Hi, I just read the excellent post from Martin Robert about using PLL. I tried the firmware but unfortunately sending data via rfm is only working if I remove the line
ADCSRA &= 0xf8; // remove bits set by Arduino library
from the sketch, which breaks PLL.
Does anyone know what’s the problem here and how to fix it?
That’s pretty odd. Not that it breaks the PLL but that your rfm doesn’t work without removing it.
If you remove the statement you are not clearing the ADC control register, so the next statement adds the 0x06 to whatever the default is. This register is used to control the speed of the AD converter, so it’s no wonder the PLL breaks.
Are you running the code on a standard emonTX or some other hardware? And have you made any other modifications? I’m asking this because I and I’m sure many others haven’t had any issues with Martin’s code either in it’s standard form or modified to do additional things, in my case to read more temperatures.
What is your supply frequency?
I’ve not studied that particular branch (by PetriK), I’ve not heard of anyone else using it but equally I’ve not heard of any other report of problems with it.
Which RFM module are you trying to use? The RFM69CW will not work with that code, which is for the RFM12B only - I have low-level equivalent code for the newer module.
Hi Simon and Robert,
thank you for your fast reply!
I tried the original sketch from Martin Robert and it is indeed working without a problem.
The only modification I did in both sketches was to exchange
rfm_write(0x80E7) as I’m using 868 MHz with the RFM12b. The hardware is not an original emontx one, as I rebuild it to understand how it works.
I also noticed that I get slightly different frequency values with both sketches, the one from the modified version by PetriK are a bit lower which seems not so accurate as the one from Martin.
Do you have an idea what might be wrong? I’d love to have a three phase version for my home in germany
Just to be clear - you have
rfm_write(0x80E7) in Martin’s sketch and it works correctly; you have
rfm_write(0x80E7) in Petrik’s 3-phase sketch and it works except that it does not transmit.
Is that correct?
[Edit] I have not had time to do a complete test, but PetriK’s sketch does not transmit for me on any frequency.
thank you for testing that! Yes that’s exactly how it is.
PetriK’s sketch transmit for me also only if I remove
ADCSRA &= 0xf8; from his sketch.
I seem to remember that PetriK did struggle to get his version to work, so I’ll need to look carefully at his version and compare it, and hope that I can see something that is stopping it from working.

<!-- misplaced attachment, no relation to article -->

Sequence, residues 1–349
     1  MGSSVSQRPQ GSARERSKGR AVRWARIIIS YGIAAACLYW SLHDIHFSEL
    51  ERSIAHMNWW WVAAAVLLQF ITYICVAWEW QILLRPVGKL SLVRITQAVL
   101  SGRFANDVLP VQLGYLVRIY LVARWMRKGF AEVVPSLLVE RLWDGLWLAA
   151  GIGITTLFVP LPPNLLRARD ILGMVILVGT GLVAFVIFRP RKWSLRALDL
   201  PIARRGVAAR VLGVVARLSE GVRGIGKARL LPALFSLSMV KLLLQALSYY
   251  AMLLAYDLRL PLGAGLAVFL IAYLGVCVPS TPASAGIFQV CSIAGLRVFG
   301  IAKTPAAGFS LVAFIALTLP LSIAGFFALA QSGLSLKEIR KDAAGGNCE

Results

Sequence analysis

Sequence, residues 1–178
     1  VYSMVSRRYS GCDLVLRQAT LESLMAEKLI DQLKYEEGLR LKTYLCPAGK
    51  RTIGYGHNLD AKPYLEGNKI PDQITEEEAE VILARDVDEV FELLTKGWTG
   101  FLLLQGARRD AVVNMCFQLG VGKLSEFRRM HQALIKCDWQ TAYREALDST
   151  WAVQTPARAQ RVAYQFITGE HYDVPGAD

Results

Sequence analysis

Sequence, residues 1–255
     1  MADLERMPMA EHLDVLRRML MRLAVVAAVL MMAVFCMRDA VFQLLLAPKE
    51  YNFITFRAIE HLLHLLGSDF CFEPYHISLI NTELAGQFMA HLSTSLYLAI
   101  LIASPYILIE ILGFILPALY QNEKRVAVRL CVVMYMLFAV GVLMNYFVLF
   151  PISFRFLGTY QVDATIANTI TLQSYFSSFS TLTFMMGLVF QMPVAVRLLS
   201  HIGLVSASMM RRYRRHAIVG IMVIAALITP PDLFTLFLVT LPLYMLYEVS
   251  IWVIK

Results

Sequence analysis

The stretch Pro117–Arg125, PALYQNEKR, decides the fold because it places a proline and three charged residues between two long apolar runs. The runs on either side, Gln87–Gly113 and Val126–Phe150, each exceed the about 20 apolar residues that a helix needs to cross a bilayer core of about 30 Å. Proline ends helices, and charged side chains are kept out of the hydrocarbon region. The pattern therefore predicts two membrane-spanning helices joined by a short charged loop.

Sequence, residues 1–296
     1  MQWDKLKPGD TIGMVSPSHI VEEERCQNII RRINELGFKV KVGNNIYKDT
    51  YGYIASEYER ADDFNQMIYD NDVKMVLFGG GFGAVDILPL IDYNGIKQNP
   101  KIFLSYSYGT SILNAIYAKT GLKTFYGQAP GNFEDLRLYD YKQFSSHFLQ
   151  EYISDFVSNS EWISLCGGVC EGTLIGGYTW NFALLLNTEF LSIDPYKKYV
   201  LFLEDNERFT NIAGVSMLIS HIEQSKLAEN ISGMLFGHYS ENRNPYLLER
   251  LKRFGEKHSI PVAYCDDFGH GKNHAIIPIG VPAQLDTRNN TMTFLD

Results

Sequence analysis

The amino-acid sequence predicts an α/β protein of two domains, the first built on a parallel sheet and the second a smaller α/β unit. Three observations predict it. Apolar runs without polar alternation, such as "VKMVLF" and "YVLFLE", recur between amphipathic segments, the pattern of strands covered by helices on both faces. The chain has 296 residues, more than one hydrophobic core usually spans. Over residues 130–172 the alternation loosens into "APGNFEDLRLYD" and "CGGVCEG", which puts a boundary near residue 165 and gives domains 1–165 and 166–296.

When you say you “rebuilt” the emonTx, what exactly do you have now? It will help me if I know how you connected the inputs, if you are reading temperature, and how you connected the radio.
The different frequency values might be because PetriK appears to have included a correction factor - the frequency of his crystal (or resonator) may have been slightly wrong. With that set to 1, you must get the same values, or the loop is not locked.
Are you using if only for measurement, or are you using the energy diverter also?
Ah good point with the correction factor for the frequency. That looks much better now
I’m using it only for measurement and no temperature measurement.
The radio is connected as follows:
SCK → D13
SDO → D12
SDI → D11
IRQ → D2
SEL → D10
I cannot see anything obviously wrong with PetriK’s sketch - which is worrying. I’ve got a version that was a “work-in-progress” at the end of last year, when I had to stop work on it. I’ll send you a PM shortly.
Does someone have correct values for
#define I1LEAD ? I tried a lot but the best power factor I got with a resistive load was 0,9915. With emonLib and
phase cal set to 1.7 I get a power factor of 1. Or am I on the wrong path?
I think you’re being too fussy. Unless you have loads that are way down in the power factor list (i.e. almost purely reactive) the difference between 0.9917 and 1.00 will make no real difference - and remember the phase errors, which are a sizeable proportion what we’re correcting, change with voltage and current anyway.
That represents a 7.4° error, so with a power factor of 0.5, which is quite poor, you’ll actually read a power factor of 0.6 or 0.38, and it’s only when the p.f gets down below 0.13 that you’re at risk of seeing load as generation (or vice versa).
In real terms, it means there’s a discrepancy of 8.3 when measuring a 1 kW / 1 kVA load, or 0.83%.
Ok that makes sense, thank you for that good explanation!